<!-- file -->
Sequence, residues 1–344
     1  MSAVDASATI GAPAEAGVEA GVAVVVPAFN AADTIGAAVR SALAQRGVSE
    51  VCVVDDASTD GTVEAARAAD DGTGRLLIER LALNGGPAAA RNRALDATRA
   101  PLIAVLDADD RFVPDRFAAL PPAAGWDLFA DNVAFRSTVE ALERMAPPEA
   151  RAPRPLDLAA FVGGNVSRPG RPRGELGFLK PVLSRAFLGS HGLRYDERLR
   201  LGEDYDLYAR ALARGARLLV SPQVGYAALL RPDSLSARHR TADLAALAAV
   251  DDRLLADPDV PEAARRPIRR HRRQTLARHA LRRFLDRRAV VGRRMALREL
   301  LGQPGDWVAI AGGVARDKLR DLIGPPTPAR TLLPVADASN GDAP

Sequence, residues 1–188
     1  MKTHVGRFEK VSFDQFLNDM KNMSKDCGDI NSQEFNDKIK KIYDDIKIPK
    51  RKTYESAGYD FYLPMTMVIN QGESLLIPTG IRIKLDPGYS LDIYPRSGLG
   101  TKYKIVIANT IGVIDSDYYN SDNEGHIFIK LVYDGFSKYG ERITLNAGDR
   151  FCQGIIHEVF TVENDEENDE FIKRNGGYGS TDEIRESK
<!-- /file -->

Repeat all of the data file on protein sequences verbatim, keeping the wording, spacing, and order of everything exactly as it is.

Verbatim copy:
Sequence, residues 1–344
     1  MSAVDASATI GAPAEAGVEA GVAVVVPAFN AADTIGAAVR SALAQRGVSE
    51  VCVVDDASTD GTVEAARAAD DGTGRLLIER LALNGGPAAA RNRALDATRA
   101  PLIAVLDADD RFVPDRFAAL PPAAGWDLFA DNVAFRSTVE ALERMAPPEA
   151  RAPRPLDLAA FVGGNVSRPG RPRGELGFLK PVLSRAFLGS HGLRYDERLR
   201  LGEDYDLYAR ALARGARLLV SPQVGYAALL RPDSLSARHR TADLAALAAV
   251  DDRLLADPDV PEAARRPIRR HRRQTLARHA LRRFLDRRAV VGRRMALREL
   301  LGQPGDWVAI AGGVARDKLR DLIGPPTPAR TLLPVADASN GDAP

Sequence, residues 1–188
     1  MKTHVGRFEK VSFDQFLNDM KNMSKDCGDI NSQEFNDKIK KIYDDIKIPK
    51  RKTYESAGYD FYLPMTMVIN QGESLLIPTG IRIKLDPGYS LDIYPRSGLG
   101  TKYKIVIANT IGVIDSDYYN SDNEGHIFIK LVYDGFSKYG ERITLNAGDR
   151  FCQGIIHEVF TVENDEENDE FIKRNGGYGS TDEIRESK